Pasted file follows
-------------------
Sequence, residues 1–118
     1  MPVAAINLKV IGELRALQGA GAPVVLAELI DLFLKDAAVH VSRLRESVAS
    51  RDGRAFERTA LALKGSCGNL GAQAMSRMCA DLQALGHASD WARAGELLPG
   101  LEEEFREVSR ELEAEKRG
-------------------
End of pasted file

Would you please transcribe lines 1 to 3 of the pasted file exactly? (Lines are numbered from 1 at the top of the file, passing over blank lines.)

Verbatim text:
Sequence, residues 1–118
     1  MPVAAINLKV IGELRALQGA GAPVVLAELI DLFLKDAAVH VSRLRESVAS
    51  RDGRAFERTA LALKGSCGNL GAQAMSRMCA DLQALGHASD WARAGELLPG